Stephens murder case will move to trial

A May 19 trial date remains in place for a Marietta man accused of murder, after a hearing on several motions in the case Friday in Washington County Common Pleas Court.

At the hearing, Judge Ed Lane approved the admission of new witness testimony for the prosecution and the results of a clinical evaluation.

Ira D. Blair, 29, of 139 Groves. Ave., has undergone a psych evaluation with a psychologist with the Forensic Diagnostic Center of District 9. Blair was indicted for murder following the April 2 discovery of the body of 69-year-old Frank B. Stephens, in the trailer where Blair had been living at the time.

After reviewing two witnesses-a hand-to-hand combat expert who will testify at trial on how Blair received the injuries he sustained at the time of the incident and the district psychologist’s findings-Lane approved both testimonies to move to trial.

Blair had pleaded not guilty by reason of insanity in January, delaying his trial until May.

Washington County Assistant Prosecutor Kevin Rings had asked Joe Bigley, who is trained in mixed martial arts and contracts with several military branches, to testify that the injuries Blair sustained came as a result of throwing his own punches.

Bigley is also an instructor for the Everyday Warrior Academy in Marietta.

“It’s a matter of an object hitting a moving object that can result in injury,” Bigley said. “Even with professional training, if you’re hitting someone that is moving and you glance off the sides of bones, you can get sprains and bruises.”

Lane looked over photographs taken of Blair’s hands, with bruising along the sides and backs of his hands that Bigley said are typically consistent with injuries you can receive when throwing punches.

Bigley trains Navy Seals as well as Marines and Army soldiers in hand-to-hand combat, and claimed to have seen many of these kinds of injuries before.

“The only way to bruise the side of your thumb like that is to throw an arching punch,” he said. “In my opinion these injuries are normal, everyday striking injuries.”

Bigley also noted that as an experienced bouncer, he has found that when alcohol is involved, injuries from fighting become more likely.

“Alcohol eliminates motor skills,” he said. “To a degree, throwing punches while impaired means they will be wider, and you have less control.”

Defense attorney Rolf Baumgartel argued that though he believed the testimony was relevant, he did not find that Bigley met the requirements of an expert witness.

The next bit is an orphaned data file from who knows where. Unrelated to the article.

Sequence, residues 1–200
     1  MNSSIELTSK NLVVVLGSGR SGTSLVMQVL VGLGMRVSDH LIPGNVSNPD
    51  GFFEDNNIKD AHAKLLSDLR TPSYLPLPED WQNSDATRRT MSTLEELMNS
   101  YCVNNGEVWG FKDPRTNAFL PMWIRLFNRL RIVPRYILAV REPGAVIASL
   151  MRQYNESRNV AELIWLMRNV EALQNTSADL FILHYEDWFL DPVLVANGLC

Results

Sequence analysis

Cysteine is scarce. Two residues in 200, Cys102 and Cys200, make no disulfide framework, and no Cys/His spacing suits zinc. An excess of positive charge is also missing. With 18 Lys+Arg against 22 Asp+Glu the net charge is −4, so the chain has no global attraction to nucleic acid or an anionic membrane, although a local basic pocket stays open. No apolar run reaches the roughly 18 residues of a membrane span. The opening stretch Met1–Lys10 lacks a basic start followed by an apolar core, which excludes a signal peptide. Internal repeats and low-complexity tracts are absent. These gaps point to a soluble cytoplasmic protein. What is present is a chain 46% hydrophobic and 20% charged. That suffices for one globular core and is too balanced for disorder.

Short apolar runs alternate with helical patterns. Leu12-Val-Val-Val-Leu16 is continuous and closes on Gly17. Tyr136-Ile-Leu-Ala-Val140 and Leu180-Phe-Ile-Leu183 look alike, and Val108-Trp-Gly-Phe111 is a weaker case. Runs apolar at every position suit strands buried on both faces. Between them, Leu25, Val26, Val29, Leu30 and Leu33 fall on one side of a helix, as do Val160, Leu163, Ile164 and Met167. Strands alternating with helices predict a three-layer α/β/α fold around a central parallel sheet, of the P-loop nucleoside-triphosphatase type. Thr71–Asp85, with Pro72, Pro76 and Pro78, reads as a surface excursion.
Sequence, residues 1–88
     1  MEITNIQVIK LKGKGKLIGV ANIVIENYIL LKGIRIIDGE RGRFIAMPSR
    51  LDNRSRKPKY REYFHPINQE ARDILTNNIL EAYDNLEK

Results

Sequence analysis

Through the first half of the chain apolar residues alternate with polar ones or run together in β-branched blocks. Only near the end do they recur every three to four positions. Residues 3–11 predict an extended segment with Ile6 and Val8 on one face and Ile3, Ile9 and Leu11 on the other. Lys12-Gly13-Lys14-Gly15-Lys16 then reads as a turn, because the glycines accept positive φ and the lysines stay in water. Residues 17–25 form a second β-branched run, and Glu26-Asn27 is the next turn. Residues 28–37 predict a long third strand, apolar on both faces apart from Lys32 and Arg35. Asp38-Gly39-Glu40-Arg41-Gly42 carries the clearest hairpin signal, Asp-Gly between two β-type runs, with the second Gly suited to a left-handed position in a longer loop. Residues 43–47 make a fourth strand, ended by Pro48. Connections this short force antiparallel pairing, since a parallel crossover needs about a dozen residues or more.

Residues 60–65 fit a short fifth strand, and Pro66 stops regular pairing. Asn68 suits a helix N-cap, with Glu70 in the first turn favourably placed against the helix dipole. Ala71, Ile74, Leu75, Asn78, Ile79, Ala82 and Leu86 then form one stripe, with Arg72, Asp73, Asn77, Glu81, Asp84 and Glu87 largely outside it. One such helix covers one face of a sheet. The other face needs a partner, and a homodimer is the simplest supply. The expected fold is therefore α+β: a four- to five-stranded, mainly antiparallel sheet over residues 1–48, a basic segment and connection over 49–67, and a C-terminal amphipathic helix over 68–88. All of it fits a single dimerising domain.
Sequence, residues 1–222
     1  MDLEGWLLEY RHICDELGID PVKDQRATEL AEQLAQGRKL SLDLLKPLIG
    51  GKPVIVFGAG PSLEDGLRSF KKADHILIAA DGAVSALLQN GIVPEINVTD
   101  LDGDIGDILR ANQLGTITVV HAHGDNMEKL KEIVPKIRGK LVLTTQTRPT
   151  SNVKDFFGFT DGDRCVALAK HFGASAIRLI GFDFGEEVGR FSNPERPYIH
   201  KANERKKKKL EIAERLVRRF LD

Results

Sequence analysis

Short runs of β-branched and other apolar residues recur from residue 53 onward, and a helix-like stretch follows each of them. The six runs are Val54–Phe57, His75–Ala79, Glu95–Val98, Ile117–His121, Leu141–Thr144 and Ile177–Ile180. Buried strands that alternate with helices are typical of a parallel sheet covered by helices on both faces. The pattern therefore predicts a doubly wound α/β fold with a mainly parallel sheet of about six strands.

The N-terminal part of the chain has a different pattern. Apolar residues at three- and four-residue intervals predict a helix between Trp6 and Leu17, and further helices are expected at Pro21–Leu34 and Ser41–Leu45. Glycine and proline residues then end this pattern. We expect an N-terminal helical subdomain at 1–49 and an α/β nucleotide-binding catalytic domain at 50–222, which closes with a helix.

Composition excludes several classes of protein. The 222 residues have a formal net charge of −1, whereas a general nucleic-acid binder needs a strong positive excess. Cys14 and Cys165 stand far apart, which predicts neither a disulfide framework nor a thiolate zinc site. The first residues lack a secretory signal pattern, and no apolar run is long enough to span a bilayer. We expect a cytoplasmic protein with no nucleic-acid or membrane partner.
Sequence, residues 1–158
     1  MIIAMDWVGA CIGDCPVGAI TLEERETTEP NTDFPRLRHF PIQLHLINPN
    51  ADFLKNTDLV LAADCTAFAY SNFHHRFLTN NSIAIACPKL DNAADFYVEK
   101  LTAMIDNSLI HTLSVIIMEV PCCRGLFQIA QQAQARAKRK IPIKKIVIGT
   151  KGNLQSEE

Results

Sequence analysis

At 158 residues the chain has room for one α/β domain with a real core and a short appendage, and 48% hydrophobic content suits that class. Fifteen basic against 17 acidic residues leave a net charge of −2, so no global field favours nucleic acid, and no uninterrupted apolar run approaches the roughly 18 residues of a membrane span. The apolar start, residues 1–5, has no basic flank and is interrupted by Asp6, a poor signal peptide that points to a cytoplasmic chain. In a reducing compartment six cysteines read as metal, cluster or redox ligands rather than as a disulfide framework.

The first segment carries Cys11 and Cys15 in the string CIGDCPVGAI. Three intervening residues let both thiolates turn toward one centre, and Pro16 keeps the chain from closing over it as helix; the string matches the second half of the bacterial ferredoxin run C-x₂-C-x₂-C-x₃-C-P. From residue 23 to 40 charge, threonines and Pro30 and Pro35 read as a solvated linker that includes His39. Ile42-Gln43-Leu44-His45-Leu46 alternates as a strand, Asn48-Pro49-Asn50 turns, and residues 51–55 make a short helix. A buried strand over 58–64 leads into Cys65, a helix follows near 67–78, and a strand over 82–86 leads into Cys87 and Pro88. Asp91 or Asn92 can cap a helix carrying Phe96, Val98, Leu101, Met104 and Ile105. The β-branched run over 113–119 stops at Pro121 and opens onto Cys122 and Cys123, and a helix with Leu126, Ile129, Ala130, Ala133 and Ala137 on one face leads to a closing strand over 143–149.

“His testimony is entirely anecdotal,” he said. “How can someone with no formal medical expertise make these claims?”

Rings argued that despite a lack of the certification that a physician might have, Bigley was still qualified to testify.

“The witness is qualified by knowledge, skill and experience, and those are the first three requirements listed (for an expert witness),” he said. “You’d be hard-pressed to find anyone more qualified.”

Lane agreed for the most part with Rings, but because of legal rules regarding expert witnesses, agreed to allow the testimony at trial with the stipulation that Bigley be presented as a layperson witness.

“He has dedicated his profession to this area of defense, and I think it is helpful testimony,” Lane said.

Rings will use Bigley’s testimony at trial to try to prove that the injuries Blair sustained were because he himself was throwing punches.

Evidence has been presented indicating it is possible that Blair may have been hit over the head at the time of the murder, resulting in the possibility for an insanity plea to be valid.

Forensic Diagnostic Center clinic psychologist Dr. Denise Kohler testified Friday that after evaluating Blair, reviewing his medical records and speaking with Marietta police, she did not find any indication of brain damage.

“There was no presence of a concussion, only some lacerations that would not have had that effect,” she said.

Kohler’s testimony will only apply to the second incident in Blair’s case, which is when police found him bleeding at a second residence that had been broken into the same day Stephens’ body was found.

Baumgartel inquired as to whether a blow to the head could affect decision-making abilities.

“It depends, if it’s just a facial area it would not affected anything,” Kohler said. “But the injury he showed me was near the eye, and I don’t think it would have done anything.”

Kohler said she was told by the defendant that he had a concussion, to which she gave him the benefit of the doubt.

“Whether he had one or not, it did not render him psychotic,” she said.

Lane made the decision that after hearing from both Bigley and Kohler, that their testimonies would both be allowed, and that the trial was ready to go for May 19.

The jury will have to make the decision whether they agree with the insanity plea or not, he said.